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The 30,000 Dollar Bequest and Other Stories eBook

This eBook from the Gutenberg Project consists of approximately 282 pages of information about The 30,000 Dollar Bequest and Other Stories.
of course, it didn’t fit and hadn’t any point; and when she delivered the nub she fell over and rolled on the floor and laughed and barked in the most insane way, while I could see that she was wondering to herself why it didn’t seem as funny as it did when she first heard it.  But no harm was done; the others rolled and barked too, privately ashamed of themselves for not seeing the point, and never suspecting that the fault was not with them and there wasn’t any to see.

You can see by these things that she was of a rather vain and frivolous character; still, she had virtues, and enough to make up, I think.  She had a kind heart and gentle ways, and never harbored resentments for injuries done her, but put them easily out of her mind and forgot them; and she taught her children her kindly way, and from her we learned also to be brave and prompt in time of danger, and not to run away, but face the peril that threatened friend or stranger, and help him the best we could without stopping to think what the cost might be to us.  And she taught us not by words only, but by example, and that is the best way and the surest and the most lasting.  Why, the brave things she did, the splendid things! she was just a soldier; and so modest about it—­well, you couldn’t help admiring her, and you couldn’t help imitating her; not even a King Charles spaniel could remain entirely despicable in her society.  So, as you see, there was more to her than her education.

CHAPTER II

When I was well grown, at last, I was sold and taken away, and I never saw her again.  She was broken-hearted, and so was I, and we cried; but she comforted me as well as she could, and said we were sent into this world for a wise and good purpose, and must do our duties without repining, take our life as we might find it, live it for the best good of others, and never mind about the results; they were not our affair.  She said men who did like this would have a noble and beautiful reward by and by in another world, and although we animals would not go there, to do well and right without reward would give to our brief lives a worthiness and dignity which in itself would be a reward.  She had gathered these things from time to time when she had gone to the Sunday-school with the children, and had laid them up in her memory more carefully than she had done with those other words and phrases; and she had studied them deeply, for her good and ours.  One may see by this that she had a wise and thoughtful head, for all there was so much lightness and vanity in it.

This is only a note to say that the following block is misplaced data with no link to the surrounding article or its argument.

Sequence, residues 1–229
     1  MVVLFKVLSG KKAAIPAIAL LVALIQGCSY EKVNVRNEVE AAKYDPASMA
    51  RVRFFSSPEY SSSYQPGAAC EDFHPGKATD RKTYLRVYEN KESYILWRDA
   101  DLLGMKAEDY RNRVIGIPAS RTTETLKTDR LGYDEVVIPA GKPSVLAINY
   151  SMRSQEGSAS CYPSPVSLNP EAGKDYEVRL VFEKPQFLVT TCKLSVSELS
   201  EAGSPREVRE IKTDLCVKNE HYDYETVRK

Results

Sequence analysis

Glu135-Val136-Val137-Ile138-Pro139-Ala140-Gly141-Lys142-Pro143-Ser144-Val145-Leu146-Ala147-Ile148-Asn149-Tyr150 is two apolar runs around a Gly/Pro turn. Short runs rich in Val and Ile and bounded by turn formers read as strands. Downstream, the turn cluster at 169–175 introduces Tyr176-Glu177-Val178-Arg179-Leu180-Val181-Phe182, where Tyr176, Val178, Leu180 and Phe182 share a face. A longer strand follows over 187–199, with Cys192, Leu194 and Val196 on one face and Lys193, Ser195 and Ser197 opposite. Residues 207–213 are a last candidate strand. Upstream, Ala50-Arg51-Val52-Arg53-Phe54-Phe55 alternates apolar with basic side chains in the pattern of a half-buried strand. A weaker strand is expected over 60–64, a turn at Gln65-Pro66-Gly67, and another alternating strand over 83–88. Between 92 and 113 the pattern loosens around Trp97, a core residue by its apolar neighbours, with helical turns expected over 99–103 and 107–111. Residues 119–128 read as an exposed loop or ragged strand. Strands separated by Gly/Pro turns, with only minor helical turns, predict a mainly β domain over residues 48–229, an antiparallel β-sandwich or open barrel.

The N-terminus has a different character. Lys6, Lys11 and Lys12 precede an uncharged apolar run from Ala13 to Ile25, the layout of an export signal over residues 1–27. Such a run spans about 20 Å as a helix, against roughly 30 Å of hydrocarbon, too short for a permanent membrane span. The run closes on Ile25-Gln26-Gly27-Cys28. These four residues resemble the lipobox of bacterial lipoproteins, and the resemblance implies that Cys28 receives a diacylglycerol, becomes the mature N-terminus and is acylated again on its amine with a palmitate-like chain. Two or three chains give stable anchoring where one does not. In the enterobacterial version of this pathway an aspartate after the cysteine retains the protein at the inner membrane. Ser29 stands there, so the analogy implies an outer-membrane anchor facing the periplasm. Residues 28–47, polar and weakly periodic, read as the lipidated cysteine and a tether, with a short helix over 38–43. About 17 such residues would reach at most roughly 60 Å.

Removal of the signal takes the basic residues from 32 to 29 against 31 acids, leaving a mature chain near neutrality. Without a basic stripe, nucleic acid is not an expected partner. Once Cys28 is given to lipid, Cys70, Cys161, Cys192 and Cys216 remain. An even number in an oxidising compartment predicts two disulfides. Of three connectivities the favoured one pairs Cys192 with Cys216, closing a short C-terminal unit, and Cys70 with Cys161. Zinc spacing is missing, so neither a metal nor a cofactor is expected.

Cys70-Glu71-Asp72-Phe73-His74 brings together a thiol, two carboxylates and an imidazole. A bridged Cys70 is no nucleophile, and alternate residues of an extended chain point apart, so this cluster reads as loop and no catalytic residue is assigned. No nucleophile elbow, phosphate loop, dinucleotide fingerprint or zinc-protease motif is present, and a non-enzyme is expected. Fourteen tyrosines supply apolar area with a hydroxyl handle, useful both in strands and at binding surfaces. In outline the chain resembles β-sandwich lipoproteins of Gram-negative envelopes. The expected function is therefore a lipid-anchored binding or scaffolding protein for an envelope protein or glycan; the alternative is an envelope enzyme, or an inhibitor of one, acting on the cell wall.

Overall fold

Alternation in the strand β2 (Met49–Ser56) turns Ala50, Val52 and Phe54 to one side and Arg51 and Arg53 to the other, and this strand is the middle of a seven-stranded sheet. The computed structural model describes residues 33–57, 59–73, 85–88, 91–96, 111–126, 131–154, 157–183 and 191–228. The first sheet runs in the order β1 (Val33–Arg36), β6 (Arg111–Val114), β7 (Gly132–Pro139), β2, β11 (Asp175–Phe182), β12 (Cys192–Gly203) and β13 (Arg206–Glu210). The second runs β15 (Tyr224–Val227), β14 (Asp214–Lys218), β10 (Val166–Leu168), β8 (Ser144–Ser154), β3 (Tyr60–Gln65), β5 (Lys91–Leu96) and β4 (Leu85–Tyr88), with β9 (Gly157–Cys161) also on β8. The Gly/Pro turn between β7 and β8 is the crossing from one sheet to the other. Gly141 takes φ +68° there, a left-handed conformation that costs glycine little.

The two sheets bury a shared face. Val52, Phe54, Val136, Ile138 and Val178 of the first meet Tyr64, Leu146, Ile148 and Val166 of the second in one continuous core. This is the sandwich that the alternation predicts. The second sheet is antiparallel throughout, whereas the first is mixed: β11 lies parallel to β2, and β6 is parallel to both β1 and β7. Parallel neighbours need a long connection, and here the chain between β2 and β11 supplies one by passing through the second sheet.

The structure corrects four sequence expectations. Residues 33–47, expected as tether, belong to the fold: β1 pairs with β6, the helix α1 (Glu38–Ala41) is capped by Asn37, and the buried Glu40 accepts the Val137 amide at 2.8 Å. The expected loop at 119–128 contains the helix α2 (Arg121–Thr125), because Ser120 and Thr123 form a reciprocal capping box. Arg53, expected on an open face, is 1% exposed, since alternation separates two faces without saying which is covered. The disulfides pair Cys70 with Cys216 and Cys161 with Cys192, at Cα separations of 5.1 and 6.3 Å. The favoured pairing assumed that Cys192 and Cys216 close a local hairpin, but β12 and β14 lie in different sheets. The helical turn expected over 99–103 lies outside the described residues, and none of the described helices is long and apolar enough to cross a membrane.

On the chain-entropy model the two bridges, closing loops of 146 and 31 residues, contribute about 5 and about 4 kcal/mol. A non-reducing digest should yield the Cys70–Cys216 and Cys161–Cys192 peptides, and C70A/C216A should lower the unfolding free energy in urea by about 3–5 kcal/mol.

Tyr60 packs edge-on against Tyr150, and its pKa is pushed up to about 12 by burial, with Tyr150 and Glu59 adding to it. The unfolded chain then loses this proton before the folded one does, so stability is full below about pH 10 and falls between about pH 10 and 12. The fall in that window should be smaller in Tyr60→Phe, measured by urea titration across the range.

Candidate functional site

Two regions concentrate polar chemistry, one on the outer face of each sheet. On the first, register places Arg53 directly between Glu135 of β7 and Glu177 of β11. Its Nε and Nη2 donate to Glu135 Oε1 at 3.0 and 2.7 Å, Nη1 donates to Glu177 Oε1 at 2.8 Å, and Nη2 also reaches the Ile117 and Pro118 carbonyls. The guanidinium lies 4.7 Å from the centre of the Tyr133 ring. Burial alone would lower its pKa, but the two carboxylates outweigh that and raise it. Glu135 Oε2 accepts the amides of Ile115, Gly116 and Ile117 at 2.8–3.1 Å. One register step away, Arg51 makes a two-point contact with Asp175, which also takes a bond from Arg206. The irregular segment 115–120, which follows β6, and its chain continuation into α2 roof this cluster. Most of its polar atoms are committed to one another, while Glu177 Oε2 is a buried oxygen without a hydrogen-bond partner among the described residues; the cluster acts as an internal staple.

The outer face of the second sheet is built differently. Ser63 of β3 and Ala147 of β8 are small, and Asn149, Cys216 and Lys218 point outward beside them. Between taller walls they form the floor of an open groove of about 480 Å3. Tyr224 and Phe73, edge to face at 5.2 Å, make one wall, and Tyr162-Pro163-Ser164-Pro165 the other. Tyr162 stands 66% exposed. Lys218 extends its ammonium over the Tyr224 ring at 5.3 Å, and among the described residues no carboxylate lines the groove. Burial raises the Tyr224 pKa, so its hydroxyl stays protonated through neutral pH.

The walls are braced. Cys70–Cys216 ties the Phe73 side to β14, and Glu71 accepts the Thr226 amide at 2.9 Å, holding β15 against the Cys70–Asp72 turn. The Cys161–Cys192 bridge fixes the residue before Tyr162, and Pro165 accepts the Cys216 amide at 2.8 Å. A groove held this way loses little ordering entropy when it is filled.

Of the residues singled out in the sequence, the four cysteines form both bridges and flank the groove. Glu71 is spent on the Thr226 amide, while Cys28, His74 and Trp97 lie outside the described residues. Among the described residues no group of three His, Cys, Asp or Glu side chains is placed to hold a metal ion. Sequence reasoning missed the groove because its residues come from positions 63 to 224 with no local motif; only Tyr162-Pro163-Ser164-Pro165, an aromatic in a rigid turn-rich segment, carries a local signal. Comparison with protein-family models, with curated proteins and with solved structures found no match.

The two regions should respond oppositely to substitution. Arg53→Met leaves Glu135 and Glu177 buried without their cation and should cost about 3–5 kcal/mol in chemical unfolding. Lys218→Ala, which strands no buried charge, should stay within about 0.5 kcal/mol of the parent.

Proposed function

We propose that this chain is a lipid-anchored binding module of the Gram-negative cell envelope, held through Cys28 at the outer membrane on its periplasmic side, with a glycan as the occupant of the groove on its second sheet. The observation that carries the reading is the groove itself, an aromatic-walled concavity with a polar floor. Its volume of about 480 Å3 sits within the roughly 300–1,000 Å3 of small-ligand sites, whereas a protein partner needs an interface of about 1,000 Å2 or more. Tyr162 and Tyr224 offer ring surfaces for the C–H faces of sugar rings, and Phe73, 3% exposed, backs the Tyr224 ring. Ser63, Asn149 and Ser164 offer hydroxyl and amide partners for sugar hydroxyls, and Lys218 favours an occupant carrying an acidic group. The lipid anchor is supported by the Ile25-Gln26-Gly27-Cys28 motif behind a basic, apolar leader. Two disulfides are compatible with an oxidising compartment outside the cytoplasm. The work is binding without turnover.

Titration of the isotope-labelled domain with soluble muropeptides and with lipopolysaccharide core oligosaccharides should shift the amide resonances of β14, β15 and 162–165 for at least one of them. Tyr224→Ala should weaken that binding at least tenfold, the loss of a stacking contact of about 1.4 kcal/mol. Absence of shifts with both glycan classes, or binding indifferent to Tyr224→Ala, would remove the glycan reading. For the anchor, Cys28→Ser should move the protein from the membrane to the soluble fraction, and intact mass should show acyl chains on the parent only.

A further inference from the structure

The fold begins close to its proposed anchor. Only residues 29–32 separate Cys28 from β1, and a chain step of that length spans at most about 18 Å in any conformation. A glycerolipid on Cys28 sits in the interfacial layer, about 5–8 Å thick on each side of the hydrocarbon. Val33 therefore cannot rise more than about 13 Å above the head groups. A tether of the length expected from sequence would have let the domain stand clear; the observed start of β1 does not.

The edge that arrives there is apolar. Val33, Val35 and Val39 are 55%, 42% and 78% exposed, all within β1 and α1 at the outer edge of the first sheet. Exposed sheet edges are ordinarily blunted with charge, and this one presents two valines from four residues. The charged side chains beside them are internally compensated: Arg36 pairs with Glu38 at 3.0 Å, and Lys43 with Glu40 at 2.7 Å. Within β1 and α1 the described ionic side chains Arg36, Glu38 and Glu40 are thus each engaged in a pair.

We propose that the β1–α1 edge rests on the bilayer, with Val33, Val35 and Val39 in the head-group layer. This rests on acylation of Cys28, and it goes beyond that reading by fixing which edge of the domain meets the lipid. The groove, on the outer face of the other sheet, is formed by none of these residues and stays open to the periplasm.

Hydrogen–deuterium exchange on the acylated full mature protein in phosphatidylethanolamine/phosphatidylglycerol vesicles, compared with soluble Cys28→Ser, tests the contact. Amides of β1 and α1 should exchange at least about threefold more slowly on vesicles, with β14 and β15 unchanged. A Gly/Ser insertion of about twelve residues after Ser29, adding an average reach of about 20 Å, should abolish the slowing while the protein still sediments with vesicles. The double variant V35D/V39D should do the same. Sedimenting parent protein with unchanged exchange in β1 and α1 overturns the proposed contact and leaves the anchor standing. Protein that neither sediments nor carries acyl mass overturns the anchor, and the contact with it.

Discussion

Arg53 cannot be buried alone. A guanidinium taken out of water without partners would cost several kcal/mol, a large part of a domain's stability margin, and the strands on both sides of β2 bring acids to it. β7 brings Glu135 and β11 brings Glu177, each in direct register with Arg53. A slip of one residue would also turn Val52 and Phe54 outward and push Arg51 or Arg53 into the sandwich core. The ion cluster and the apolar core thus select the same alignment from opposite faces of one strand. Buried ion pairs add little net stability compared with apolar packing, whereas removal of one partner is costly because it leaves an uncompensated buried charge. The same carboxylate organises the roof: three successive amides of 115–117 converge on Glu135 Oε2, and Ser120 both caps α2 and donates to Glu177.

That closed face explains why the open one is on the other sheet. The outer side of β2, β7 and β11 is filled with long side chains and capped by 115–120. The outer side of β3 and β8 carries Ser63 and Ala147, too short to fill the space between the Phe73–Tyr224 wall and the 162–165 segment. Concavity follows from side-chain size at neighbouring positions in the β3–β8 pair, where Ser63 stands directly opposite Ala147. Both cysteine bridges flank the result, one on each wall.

So we said our farewells, and looked our last upon each other through our tears; and the last thing she said—­keeping it for the last to make me remember it the better, I think—­was, “In memory of me, when there is a time of danger to another do not think of yourself, think of your mother, and do as she would do.”

Do you think I could forget that?  No.

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